described in the Harry Potter novels as it does not contain the “magical” part. The students of

a British boarding school are not automatically enrolled when they turn a certain age. They

have to research different boarding schools and then choose one they would like to apply to.

Sometimes students have to apply two years in advance for a boarding school, because

Page 18: Educational System in Harry Potter Novels


boarding schools have limited boarding places and not everyone that applies can get accepted.

After choosing a boarding school the students are required to take an entrance exam and an

interview, which is not the case for Hogwarts students. International students are required to

take an English exam and they take English classes after enrolment. After the application

procedure the students wait for an acceptance or rejection letter (“UK boarding school

admissions tips”). Apart from the enrolment process, the boarding school life at Hogwarts is

the same as the one in a British boarding school. The students have lessons, homework,

exams, after school activities, meals at the cafeteria and time to socialize with their friends.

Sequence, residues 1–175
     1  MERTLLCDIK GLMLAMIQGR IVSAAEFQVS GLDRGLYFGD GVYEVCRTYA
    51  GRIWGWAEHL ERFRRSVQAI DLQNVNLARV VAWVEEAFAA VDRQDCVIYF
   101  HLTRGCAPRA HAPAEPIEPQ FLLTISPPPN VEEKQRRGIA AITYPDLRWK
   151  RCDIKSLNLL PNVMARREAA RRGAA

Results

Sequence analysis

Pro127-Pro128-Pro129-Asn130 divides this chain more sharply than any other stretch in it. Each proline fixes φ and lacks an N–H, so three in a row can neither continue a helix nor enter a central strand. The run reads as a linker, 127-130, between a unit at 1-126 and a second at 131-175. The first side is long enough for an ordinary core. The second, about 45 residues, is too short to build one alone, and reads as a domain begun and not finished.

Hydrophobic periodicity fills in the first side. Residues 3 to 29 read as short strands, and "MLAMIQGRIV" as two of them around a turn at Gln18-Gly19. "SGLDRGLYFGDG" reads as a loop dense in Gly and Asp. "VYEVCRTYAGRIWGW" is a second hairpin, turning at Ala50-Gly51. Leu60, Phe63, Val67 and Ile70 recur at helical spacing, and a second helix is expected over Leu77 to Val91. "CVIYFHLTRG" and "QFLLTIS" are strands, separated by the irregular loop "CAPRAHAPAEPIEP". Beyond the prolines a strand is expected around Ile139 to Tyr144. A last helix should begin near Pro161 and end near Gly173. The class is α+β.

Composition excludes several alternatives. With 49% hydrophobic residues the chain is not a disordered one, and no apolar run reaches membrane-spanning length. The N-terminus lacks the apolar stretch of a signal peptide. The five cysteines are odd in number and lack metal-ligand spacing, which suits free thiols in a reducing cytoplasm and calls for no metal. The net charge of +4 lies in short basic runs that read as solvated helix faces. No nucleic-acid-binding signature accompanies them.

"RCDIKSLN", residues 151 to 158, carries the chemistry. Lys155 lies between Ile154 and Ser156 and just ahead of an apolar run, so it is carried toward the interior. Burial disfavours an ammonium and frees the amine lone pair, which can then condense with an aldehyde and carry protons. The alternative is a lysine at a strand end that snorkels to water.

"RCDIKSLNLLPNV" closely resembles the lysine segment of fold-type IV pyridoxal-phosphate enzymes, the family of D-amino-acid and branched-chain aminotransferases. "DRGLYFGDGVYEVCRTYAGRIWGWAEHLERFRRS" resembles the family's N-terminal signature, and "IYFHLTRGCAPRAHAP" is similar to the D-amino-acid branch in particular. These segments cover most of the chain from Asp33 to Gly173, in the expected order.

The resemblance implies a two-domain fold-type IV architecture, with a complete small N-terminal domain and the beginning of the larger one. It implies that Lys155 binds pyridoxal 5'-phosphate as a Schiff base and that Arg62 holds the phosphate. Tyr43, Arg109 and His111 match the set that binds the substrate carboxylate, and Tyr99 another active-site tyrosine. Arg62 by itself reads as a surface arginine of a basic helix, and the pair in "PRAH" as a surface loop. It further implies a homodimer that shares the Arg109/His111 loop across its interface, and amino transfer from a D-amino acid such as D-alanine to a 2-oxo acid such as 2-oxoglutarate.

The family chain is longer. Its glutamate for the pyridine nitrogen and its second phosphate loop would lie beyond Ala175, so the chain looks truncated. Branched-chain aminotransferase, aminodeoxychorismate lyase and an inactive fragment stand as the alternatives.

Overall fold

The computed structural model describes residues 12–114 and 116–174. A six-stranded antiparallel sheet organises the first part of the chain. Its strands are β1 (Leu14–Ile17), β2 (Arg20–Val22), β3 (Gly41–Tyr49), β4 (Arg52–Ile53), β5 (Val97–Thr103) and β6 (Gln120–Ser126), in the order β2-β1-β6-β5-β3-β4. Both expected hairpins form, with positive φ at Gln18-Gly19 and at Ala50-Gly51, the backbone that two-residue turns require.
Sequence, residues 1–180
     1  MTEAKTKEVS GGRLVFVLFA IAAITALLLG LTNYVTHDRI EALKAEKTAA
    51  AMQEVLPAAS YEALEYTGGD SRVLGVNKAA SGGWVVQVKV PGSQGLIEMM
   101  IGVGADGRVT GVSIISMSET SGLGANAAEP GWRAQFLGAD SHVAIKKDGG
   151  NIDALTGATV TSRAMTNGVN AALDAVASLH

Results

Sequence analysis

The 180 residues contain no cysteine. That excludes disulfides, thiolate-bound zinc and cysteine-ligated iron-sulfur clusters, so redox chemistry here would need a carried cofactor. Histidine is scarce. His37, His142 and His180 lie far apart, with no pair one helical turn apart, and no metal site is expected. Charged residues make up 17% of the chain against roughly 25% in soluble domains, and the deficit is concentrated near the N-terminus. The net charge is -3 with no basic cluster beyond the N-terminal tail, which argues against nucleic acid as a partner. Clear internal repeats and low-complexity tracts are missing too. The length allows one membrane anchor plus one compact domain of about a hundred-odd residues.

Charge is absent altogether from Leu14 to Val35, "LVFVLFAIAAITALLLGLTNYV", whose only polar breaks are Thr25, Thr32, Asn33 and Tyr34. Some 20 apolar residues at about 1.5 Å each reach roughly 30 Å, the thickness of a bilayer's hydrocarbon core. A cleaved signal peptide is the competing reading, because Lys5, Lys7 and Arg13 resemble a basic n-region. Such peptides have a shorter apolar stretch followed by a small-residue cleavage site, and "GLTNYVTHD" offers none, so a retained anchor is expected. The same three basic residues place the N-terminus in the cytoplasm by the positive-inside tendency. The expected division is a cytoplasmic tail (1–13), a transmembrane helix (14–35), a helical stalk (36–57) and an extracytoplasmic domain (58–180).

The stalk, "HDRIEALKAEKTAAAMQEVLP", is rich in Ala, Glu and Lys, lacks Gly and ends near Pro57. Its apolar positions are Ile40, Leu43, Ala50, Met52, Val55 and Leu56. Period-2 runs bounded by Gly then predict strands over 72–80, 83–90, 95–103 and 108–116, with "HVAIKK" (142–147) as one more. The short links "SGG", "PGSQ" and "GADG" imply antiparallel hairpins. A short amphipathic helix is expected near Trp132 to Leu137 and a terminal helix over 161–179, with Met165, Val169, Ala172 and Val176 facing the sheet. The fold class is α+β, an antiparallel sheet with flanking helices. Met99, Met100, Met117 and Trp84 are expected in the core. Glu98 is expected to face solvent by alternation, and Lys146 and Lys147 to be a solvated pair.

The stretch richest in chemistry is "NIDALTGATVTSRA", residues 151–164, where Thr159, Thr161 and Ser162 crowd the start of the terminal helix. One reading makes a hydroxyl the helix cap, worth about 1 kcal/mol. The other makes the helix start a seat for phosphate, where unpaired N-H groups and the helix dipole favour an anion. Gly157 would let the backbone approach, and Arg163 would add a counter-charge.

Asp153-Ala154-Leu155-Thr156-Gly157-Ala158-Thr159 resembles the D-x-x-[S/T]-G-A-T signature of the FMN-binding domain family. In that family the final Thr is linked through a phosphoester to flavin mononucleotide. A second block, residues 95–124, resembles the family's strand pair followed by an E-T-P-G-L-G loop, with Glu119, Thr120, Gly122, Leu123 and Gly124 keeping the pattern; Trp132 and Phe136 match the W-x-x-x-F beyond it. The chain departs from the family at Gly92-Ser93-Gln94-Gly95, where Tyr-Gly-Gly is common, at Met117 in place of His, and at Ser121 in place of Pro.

Page 19: Educational System in Harry Potter Novels


2. Curriculum

2.1. Exams

Exam period is the most stressful time for any student. That is the time when students

are concentrated on studying day and night in order to finish their exams with the best grade

possible. Most students take these exams seriously because they know that they are the crucial

factor that will determine their future. These exams will open many opportunities for them,

depending on how well they do. In the United Kingdom students take GCSE exams followed

up by A-level exams. Students are required to take both examinations in order to apply for a

university. GCSE (General Certificate of Secondary Education) exams are taken by students

in year 11. They choose for themselves how many GCSEs they want to take. The average

number of GCSEs a student takes is 9 (“How Many GCSEs Can You Take (In 2019)?”).

Studying for GCSEs is easier than studying for A-levels because it is less time consuming and

the students are guided by their teacher which means that they can just study the content

provided by their teachers. A-level (Advanced Level) exams are taken by students in year 12

and 13. Students usually take 3 or 4 A-level exams (“A Levels”). The students choose their

exams depending on their own interests and what exams are required by a certain university.

Studying for A-levels is much harder because the students are expected to be independent by